CanadianGolfer.com

Countdown to Christmas . . .

Seasons greetings, all _ apologies for the radio silence of late, but the recent barrage of non-stop news, combined with a poorly timed golf sojourn in more southern climes, have been conspiring against me.

If you’re like me, that means it’s a safe bet you still have a fair bit of Christmas shopping to do _ and the fellows in your usual foursome are probably on your still-to-buy-for list. Or perhaps you have a significant other who’s still casting about for ideas for what to get his or her resident golf fanatic.

Either way, as the shopping-days-til-Christmas countdown enters the single digits, here are a few gift ideas to kick around for the golfer who has everything.

Golf Pride Personalized Grip Kit – starting at $59.99 US

For the golfer who has everything, consider the latest in personalized accessories from Golf Pride _ grips emblazoned with everything from a person’s name to Hot Stuff or You’re Pressed or whatever pointless swing thought you can muster.

Grips available for personalization range from the basic Tour Wrap and Tour Velvet models through the red or yellow DD2s and the hot New Decade Multicompound versions, although, sadly, only in red and blue.

It appears _ for the moment, at least _ that the personalization option is only available in the U.S., and that only standard-sized grips are available for personalization. With a little finesse, of course, an extra wrap of tape or two under the grip can always help to fill up those oversized meat hooks of yours.

Each kit comes complete with 13 grips, as well as an instructional CD-ROM and everything else needed to install them short of a tabletop vise. And take it from me: it’s so easy, you’ll be stunned you never bothered to do it before.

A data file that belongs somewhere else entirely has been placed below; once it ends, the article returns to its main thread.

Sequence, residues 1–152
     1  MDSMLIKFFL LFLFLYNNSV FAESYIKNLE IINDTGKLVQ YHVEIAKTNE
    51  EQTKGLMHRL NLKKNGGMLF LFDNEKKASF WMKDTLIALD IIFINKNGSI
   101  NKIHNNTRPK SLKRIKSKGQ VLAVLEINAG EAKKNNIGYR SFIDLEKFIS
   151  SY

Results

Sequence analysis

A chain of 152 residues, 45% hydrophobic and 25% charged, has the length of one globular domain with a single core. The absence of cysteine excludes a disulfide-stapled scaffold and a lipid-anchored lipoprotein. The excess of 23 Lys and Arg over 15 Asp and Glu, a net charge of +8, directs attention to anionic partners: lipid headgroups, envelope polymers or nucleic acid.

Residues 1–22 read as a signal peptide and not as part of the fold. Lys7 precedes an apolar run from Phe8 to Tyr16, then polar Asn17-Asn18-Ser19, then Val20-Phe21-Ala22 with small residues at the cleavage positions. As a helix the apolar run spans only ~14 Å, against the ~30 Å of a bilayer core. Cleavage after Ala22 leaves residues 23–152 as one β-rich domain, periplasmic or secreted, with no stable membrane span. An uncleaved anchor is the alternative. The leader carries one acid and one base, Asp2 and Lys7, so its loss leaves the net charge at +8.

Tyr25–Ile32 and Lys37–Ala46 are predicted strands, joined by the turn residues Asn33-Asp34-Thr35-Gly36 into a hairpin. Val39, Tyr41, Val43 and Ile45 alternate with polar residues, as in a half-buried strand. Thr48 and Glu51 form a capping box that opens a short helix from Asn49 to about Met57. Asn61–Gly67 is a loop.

One caveat: by the time you read this, it might be too late to get grips personalized before Christmas. But let’s be honest _ if you are reading this, you’re reading it for yourself, so it’s a safe bet you’ll be buying these with your own name on them after the holidays.

And if you’re reading this from the north of the border, a few well-placed email blasts from Canadian servers should convince the folks at Golf Pride to start shipping beyond the U.S.

TaylorMade Custom-Number Golf Balls – $60 dozen

Veteran Gear Head readers will know we here at the oak-panelled GH headquarters got pretty excited earlier this year when TMAG announced plans to let its devoted customers order golf balls printed with their own one or two-digit numbers, only to have our bubble burst when we were told the service was only available in the U.S.

At the time, TaylorMade said the service would likely be rolled out in Canada by Christmas. The GH research team will be out in force in the coming days to determine whether, in fact, Canadian consumers can avail themselves of the service. In the meantime, we’re keeping our fingers crossed.

Scotty Cameron Personalized Ball Tool _ $44 US

First off, understand that the latest Scotty Cameron gizmo _ a cleverly shaped ball marker engraved with a collection of lines, fuel-gauge style, to help in aligning your ball on the green _ works best when you’re already in the practice of putting an alignment line on your ball.

But if your golfer is desperate for anything that might help sink an extra putt or two, Scotty’s newest gadget is a good bet _ and the man himself is now willing to stamp it with a couple of initials for nothing.

Here’s how it works: Place the marker behind your ball, then read the putt. Once you have a starting line picked out, match the alignment line or brand name on the ball to the line on the marker that matches the chosen starting line.

Order a new marker by phone and Cameron will stamp that sucker with two letters or numbers at no extra charge. The offer only lasts until Thursday, Dec. 18, and applies only to phone-in orders, four markers per caller.

Dial the Custom Shop at 1-866-841-0100 and get yours “ er, your gift for that special golfer on your list.

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James McCarten

When James McCarten isn't at the Ottawa offices of The Canadian Press, where he works as parliamentary news editor, he's either on the golf course or putting off his latest freelance golf-writing gig to spend time with wife Lisa and school-age kids Claire and Lucas. With 20 years of experience in Canadian journalism, James also suffers from a financially crippling addiction to all things Scotty Cameron.

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